Don’t Let Headaches Be a Pain in the Neck and Your Wallet

Headaches are one of the world’s most common complaints, affecting both children and adults. While this is an infrequent, passing condition for most, there is a minority for which headaches cause significant pain, reduced quality of life and even disability.  One study estimates that “Globally, the percentage of the adult population with an active headache disorder is 47% for headache in general, 10% for migraine, 38% for tension-type headache, and 3% for chronic headache that lasts for more than 15 days per month.”

When the WHO released the update to the Global Burden of Disease Study in 2013, migraine alone was listed as the “6th highest cause worldwide of years lost due to disability (YLD).”  When all headache types were grouped together, they became the 3rd highest.

Headaches lead to higher healthcare cost as well as mounting direct and indirect costs such as work absenteeism and reduced inefficiency.  A study published in 2008, which analyzed paid claims from the Thomson Medstat’s Commercial Claims and Encounters 2004 database, found that migraine patients have “significantly higher average health-care expenditures, ($7007 vs $4436 per person per year; difference of $2571)” compared to their peers.  Additionally, employees who suffered with migraines required 3.8 bed rest days (men) and 5.6 days (women), for a total of 112 million bedridden, missed work days.  Altogether, they estimated that the combined cost, nearly $12 billion, was considered conservative since it did not include over the counter treatment, preventative medications or non-drug interventions.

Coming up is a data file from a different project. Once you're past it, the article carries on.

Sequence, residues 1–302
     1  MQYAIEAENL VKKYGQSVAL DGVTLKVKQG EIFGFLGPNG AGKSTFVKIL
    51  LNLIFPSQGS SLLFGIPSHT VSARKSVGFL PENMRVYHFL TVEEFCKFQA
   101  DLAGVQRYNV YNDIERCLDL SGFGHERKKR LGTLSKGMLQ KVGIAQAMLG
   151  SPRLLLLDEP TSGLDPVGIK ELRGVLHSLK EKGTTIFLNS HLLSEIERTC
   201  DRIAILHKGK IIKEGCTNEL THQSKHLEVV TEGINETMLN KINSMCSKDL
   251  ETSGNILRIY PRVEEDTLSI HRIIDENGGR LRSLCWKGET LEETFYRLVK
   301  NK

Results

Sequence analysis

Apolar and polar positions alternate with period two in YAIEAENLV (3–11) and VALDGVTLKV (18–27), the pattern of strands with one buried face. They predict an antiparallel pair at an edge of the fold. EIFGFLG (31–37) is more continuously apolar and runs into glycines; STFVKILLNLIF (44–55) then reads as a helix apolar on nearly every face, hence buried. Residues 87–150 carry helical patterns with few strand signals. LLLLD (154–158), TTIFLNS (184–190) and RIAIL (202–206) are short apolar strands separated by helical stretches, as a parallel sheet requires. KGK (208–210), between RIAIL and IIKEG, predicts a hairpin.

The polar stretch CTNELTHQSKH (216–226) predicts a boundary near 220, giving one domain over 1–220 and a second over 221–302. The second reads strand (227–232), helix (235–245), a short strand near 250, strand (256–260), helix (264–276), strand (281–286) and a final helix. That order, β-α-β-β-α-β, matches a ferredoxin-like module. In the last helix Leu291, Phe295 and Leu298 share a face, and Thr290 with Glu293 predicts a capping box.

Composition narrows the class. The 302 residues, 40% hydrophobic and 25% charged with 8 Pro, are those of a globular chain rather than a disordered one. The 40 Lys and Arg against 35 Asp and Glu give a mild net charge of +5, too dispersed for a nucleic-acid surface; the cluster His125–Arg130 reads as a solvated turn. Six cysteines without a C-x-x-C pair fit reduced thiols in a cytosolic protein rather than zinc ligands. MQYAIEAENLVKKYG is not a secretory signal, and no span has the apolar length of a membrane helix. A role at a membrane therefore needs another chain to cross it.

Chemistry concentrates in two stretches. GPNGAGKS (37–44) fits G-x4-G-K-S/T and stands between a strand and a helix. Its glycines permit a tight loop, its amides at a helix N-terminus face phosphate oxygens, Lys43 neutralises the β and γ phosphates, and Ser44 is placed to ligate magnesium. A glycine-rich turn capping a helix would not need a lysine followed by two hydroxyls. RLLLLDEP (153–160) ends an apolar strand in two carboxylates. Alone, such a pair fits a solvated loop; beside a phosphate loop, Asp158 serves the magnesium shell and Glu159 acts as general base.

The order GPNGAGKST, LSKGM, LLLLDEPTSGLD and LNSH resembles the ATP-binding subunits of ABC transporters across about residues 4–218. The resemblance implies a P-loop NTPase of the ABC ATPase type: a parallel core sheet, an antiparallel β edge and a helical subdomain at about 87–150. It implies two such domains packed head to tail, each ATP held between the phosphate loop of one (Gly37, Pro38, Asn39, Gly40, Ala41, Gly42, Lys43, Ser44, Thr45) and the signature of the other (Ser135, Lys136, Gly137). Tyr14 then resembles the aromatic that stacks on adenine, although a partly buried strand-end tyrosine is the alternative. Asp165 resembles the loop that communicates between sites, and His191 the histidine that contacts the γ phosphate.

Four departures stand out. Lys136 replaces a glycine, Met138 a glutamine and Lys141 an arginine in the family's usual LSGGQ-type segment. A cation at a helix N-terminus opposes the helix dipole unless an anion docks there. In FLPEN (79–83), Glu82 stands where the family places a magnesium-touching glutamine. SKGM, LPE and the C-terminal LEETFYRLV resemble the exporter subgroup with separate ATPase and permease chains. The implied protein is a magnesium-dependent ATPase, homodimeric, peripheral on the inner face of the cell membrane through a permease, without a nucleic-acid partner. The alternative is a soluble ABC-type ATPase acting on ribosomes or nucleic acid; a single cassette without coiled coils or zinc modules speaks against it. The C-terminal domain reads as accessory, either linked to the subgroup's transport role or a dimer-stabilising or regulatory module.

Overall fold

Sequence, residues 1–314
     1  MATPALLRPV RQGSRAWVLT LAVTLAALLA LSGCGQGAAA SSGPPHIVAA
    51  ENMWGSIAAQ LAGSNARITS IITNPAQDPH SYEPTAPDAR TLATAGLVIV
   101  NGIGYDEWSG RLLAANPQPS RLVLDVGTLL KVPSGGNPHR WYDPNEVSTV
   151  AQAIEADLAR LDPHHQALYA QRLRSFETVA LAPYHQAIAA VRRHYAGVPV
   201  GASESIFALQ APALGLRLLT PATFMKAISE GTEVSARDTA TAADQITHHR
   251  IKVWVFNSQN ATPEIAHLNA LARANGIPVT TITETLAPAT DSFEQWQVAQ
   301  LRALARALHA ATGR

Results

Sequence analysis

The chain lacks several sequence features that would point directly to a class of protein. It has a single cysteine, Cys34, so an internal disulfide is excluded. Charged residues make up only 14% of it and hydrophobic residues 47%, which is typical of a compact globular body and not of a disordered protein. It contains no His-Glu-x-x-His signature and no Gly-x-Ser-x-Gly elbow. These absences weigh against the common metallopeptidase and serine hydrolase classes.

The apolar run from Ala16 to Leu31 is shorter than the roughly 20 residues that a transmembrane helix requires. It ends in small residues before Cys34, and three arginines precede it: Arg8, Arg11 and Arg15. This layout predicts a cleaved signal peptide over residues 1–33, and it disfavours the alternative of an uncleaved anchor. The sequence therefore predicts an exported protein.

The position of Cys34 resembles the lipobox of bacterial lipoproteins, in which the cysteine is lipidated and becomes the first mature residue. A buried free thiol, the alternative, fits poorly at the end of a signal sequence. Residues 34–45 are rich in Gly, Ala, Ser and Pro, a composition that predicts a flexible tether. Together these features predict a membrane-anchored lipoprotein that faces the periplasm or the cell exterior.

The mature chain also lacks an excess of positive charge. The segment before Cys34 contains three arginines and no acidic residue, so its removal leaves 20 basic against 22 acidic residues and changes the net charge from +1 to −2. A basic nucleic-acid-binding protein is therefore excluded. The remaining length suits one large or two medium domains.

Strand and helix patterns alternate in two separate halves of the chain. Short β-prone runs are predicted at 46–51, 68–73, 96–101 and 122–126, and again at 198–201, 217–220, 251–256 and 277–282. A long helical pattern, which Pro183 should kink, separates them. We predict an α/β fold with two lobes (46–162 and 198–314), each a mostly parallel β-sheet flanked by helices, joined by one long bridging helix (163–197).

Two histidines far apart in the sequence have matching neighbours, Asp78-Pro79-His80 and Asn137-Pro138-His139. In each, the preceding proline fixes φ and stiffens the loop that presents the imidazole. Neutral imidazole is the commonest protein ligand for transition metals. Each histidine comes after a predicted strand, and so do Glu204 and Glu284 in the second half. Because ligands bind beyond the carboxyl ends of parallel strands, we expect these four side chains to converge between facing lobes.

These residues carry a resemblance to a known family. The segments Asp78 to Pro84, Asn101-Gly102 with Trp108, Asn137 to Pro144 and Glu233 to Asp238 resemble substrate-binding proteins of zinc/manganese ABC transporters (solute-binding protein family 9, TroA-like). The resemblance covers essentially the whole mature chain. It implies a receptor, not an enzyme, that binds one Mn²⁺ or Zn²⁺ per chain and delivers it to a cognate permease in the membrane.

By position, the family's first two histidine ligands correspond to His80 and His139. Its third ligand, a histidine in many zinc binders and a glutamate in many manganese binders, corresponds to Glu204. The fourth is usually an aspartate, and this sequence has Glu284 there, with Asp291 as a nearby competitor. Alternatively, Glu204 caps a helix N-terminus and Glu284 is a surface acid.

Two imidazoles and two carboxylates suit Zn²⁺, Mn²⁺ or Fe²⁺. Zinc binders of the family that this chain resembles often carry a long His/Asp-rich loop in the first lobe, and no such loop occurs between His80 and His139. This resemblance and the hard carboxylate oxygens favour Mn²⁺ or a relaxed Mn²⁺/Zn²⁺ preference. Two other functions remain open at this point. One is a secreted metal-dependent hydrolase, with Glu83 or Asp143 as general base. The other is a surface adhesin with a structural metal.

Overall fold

For patients seeking a drug-free, non-invasive method of healthcare for headaches, chiropractic care is one of the most frequently utilized options.  A North Carolina study found it to also be one of the most cost-effective.  A retrospective closed-claim analysis of the North Carolina State Health Plan (NCSHP) for Teachers and State Employees was conducted utilizing claims from 2000 to 2009.  The claims represented approximately 660,000 covered beneficiaries.  Cost comparisons were made between patients who used:

  • MD-only
  • DC-only
  • MD-DC
  • MD-PT
  • MD-referral
  • DC-referral
  • MD-DC-referral
  • MD-PT-referral.

Researchers identified all professional and facility claims with a primary diagnosis of headache resulting in over 900,000 claims meeting criteria.  Researchers noted that the number of patients increased over the timespan, from 9,587 in 2000 to 22,780 nine years later, an increase of 138%!

From a financial perspective, the Allowed Yearly Charges (the total of patient responsibility and what the insurance company paid) tripled from $15,187,791 in the year 2000, to $45,446, 882 in 2009.  Looking at the yearly averages, headache related charges increased dramatically from 2000-2005, declined in 2006-2007, then resumed the climb in 2008-2009.

Their analysis revealed a stark discrepancy in the utilization of chiropractic care in relation to its cost-effectiveness.  For example, those who chose chiropractic care represented less than 10% of patients; however, the categories of DC care, alone or in combination with an MD, ranked overall among the top 3 least expensive patterns of headache care.